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J Strength Cond Res. 2013 Mar;27(3):637-42. doi: 10.1519/JSC.0b013e31825dd224.

The effect of cadence on cycling efficiency and local tissue oxygenation.

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School of Health, Physical Education, and Recreation, University of Nebraska at Omaha, Omaha, Nebraska, USA.


The purpose of this study was to compare 3 cycling cadences in efficiency/economy, local tissue oxygen saturation, heart rate, blood lactate, and global and local rating of perceived exertion (RPE). Subjects were 14 trained cyclists/triathletes (mean age 30.1 ± 5.3 years; VO(2) peak 60.2 ± 5.0 ml·kg(-1)·min(-1)) who performed three 8-minute cadence trials (60, 80, and 100 rpm) at 75% of previously measured peak power. Oxygen consumption and respiratory exchange ratio were used to calculate efficiency and economy. Results indicated that both efficiency and economy were higher at the lower cadences. Tissue oxygen saturation was greater at 80 rpm than at 60 or 100 rpm at minute 4, but at minute 8, tissue oxygen saturation at 80 rpm (57 ± 9%) was higher than 100 rpm (54 ± 9%, p = 0.017) but not at 60 rpm (55 ± 11%, p = 0.255). Heart rate and lactate significantly increased from minute 4 and minute 8 (p < 0.05) of submaximal cycling. Local RPE at 80 rpm was lower than at 60 or 100 rpm (p < 0.05). It was concluded that (a) Trained cyclists and triathletes are more efficient and economical when cycling at 60 rpm than 80 or 100 rpm. (b); Local tissue oxygen saturation levels are higher at 80 rpm than 60 and 100 rpm; (c). Heart rate and blood lactate levels are higher with cadences of 80 and 100 than 60 rpm; and (d). Local and global RPE is lower when cycling at 80 rpm than at 60 rpm and 100 rpm. A practical application of these findings is that a cadence of 60 rpm may be advantageous for performance in moderately trained athletes in contrast to higher cadences currently popular among elite cyclists.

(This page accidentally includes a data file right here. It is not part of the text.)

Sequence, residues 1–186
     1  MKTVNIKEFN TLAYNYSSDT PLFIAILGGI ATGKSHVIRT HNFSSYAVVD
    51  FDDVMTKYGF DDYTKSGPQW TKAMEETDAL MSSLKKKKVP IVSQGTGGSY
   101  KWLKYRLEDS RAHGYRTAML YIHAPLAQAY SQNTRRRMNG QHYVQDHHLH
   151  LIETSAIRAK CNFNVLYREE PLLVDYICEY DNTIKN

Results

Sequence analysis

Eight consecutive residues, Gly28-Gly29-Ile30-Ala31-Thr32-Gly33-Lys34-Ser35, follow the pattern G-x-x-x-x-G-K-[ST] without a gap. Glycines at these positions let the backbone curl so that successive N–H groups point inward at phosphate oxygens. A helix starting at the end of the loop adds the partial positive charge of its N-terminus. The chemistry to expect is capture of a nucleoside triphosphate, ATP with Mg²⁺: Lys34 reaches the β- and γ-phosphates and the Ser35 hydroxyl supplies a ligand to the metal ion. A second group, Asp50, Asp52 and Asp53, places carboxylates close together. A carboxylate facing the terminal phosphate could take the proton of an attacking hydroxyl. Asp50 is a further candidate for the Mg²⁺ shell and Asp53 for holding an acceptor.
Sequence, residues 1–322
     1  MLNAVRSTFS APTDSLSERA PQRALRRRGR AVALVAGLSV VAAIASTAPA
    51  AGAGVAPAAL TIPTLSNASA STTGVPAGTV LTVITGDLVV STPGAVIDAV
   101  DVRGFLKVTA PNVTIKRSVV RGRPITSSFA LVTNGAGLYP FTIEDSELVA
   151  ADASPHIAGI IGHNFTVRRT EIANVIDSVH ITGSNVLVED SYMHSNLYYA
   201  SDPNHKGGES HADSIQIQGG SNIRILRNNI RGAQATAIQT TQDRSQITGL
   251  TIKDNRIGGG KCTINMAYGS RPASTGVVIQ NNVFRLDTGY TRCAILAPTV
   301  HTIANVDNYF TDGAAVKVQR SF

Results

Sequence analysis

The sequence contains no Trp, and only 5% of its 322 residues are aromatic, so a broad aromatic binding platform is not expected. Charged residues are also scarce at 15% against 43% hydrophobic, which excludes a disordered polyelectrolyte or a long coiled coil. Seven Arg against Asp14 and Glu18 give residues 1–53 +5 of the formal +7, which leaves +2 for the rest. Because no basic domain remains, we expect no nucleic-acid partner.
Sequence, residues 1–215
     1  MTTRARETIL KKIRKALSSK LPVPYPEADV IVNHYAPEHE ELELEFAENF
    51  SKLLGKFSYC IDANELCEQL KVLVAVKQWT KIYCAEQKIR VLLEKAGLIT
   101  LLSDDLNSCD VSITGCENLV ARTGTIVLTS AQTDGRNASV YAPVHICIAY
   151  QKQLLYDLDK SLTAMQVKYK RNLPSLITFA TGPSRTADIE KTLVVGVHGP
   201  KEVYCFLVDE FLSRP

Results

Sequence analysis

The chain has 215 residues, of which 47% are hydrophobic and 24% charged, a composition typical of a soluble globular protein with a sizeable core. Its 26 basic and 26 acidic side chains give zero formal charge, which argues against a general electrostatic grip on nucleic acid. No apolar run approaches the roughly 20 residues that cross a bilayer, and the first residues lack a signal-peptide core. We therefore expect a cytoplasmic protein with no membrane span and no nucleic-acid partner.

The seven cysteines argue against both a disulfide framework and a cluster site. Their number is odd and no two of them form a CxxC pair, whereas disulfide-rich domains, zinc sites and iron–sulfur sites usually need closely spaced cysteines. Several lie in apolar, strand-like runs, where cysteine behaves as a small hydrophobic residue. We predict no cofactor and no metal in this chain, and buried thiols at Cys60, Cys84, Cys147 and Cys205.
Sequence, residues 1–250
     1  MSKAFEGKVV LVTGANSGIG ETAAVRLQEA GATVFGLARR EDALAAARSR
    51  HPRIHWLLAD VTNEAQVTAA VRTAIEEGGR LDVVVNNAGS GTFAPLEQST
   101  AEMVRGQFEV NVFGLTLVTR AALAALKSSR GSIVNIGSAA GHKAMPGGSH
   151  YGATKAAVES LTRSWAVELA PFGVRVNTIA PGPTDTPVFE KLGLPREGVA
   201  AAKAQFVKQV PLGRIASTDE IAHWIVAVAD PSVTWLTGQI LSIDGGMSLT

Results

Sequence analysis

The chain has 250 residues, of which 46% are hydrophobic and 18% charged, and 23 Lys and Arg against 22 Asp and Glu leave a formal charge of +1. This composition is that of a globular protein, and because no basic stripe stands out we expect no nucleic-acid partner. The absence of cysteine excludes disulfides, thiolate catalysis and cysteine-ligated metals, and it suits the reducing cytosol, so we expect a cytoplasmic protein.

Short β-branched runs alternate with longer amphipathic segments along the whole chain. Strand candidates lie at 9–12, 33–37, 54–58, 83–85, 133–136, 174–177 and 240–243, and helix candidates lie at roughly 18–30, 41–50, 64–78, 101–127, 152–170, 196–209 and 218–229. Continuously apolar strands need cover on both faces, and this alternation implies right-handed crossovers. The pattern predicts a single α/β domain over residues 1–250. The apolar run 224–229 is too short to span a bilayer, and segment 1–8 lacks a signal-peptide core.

[Indexed for MEDLINE]

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